ST. ANDREWS, Scotland – Tiger Woods has, from the start, been a vocal proponent for the PGA Tour in its battle with the Greg Norman-led, Saudi-backed LIV Golf tour.
On Tuesday, in advance of the 150th British Open at St. Andrews, the 46-year-old, 15-time major championship winner dug the heels of his golf shoes in as deep as they’ve ever been during this crisis in denouncing the players who’ve fled the PGA Tour for the cushy, guaranteed Saudi money.
In doing so, Woods also stated his approval for the British Open’s governing body, the R&A, disinviting Norman (a two-time Open winner) from participating in its Celebration of Champions exhibition on Monday and the Tuesday night champions dinner.
“I believe it’s the right thing,” Woods said of Norman being blackballed from the Open this week. “The R&A obviously have their opinions and their rulings and their decision, Greg has done some things that I don’t think is in the best interest of our game, and we’re coming back to probably the most historic and traditional place in our sport.”
“I know Greg tried to do this back in the early ’90s,” Woods went on. “It didn’t work then, and he’s trying to make it work now. I still don’t see how that’s in the best interests of the game. What the European Tour and what the PGA Tour stand for and what they’ve done … and all the governing bodies of the game of golf and all the major championships, how they run it, I think they see it differently than what Greg sees it .
“I know what the PGA Tour stands for and what we have done and what the Tour has given us, the ability to chase after our careers and to earn what we get and the trophies we have been able to play for and the history that has been a part of this game.”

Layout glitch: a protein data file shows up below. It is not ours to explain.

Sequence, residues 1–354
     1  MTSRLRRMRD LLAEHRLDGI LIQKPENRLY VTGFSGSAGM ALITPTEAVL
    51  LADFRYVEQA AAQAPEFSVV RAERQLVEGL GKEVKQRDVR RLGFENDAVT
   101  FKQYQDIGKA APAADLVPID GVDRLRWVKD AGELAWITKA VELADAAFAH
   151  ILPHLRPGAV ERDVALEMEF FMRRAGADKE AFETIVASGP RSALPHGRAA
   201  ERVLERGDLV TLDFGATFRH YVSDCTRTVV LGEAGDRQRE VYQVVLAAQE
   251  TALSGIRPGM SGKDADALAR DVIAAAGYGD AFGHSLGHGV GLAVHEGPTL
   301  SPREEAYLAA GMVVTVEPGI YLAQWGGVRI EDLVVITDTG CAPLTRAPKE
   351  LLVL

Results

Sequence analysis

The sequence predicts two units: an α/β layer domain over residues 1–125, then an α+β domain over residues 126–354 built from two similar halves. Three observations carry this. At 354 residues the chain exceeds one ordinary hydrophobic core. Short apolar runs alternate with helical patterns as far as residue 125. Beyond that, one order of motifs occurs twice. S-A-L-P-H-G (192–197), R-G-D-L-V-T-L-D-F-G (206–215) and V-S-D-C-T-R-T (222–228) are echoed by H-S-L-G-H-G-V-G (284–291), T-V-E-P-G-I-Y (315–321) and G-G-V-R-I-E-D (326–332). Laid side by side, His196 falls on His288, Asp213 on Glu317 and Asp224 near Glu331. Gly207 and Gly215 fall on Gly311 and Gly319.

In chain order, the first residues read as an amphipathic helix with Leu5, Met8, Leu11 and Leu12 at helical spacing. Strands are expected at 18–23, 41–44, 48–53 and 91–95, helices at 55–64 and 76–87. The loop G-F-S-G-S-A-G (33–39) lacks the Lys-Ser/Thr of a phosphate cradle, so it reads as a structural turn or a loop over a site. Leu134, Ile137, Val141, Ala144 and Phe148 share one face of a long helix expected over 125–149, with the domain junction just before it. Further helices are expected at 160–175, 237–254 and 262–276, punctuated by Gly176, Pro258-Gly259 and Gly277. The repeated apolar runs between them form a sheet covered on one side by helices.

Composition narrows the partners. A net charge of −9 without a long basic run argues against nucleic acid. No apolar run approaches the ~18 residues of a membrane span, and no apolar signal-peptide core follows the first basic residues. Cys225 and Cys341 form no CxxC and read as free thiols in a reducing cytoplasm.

Woods went as far as to say that the players who’ve joined LIV Golf have “turned their back” on the tours that helped them create their respective careers.
“The players who have decided to go to LIV and to play there, I disagree with it,” Woods said. “I think that what they’ve done is they’ve turned their back on what has allowed them to get to this position.
“Some players have never got a chance to even experience it – they’ve gone right from the amateur ranks right into that organization, and never really got a chance to play out here and what it feels like to play a Tour schedule or to play in some big events.
“And, who knows what’s going to happen in the near future with world-ranking points, the criteria for entering major championships. The governing bodies are going to have to figure that out. Some of these players may not ever get a chance to play in major championships. That is a possibility. We don’t know that for sure yet. It’s up to all the major championship bodies to make that determination.
“But that is a possibility, that some players will never, ever get a chance to play in a major championship, never get a chance to experience this right here, walk down the fairways at Augusta National. That, to me, I just don’t understand it.”
Woods, who kept saying he’s learned the game and got to where he is today by “digging it out of the dirt” and “earning everything” he’s gotten, took pointed shots at the guaranteed money the LIV players are getting as lazy.
“What these players are doing for guaranteed money, what is the incentive to practice?” he said. “What is the incentive to go out there and earn it in the dirt? You’re just getting paid a lot of money up front and playing a few events and playing 54 holes. They’re playing blaring music and have all these atmospheres that are different.
“I can understand 54 holes is almost like a mandate when you get to the Senior Tour. The guys are little bit older and a little more banged up. But when you’re at this young age and some of these kids – they really are kids who have gone from amateur golf into that organization – 72-hole tests are part of it. We used to have 36-hole playoffs for major championships. That’s how it used to be, 18-hole US Open playoffs.
“I just don’t see how that move is positive in the long term for a lot of these players, especially if the LIV organization doesn’t get world-ranking points and the major championships change their criteria for entering the events. It would be sad to see some of these young kids never get a chance to experience it and experience what we’ve got a chance to experience and walk these hallowed grounds and play in these championships.”